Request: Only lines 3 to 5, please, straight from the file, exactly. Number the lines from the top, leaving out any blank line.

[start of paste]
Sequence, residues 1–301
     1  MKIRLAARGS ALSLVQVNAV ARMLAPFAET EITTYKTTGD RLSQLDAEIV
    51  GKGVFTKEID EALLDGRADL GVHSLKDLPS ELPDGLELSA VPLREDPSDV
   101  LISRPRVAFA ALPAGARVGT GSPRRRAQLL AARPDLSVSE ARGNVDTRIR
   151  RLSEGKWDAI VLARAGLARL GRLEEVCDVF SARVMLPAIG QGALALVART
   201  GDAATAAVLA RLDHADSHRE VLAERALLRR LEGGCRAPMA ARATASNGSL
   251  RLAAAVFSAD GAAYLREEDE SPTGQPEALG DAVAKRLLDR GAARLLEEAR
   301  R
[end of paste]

    51  GKGVFTKEID EALLDGRADL GVHSLKDLPS ELPDGLELSA VPLREDPSDV
   101  LISRPRVAFA ALPAGARVGT GSPRRRAQLL AARPDLSVSE ARGNVDTRIR
   151  RLSEGKWDAI VLARAGLARL GRLEEVCDVF SARVMLPAIG QGALALVART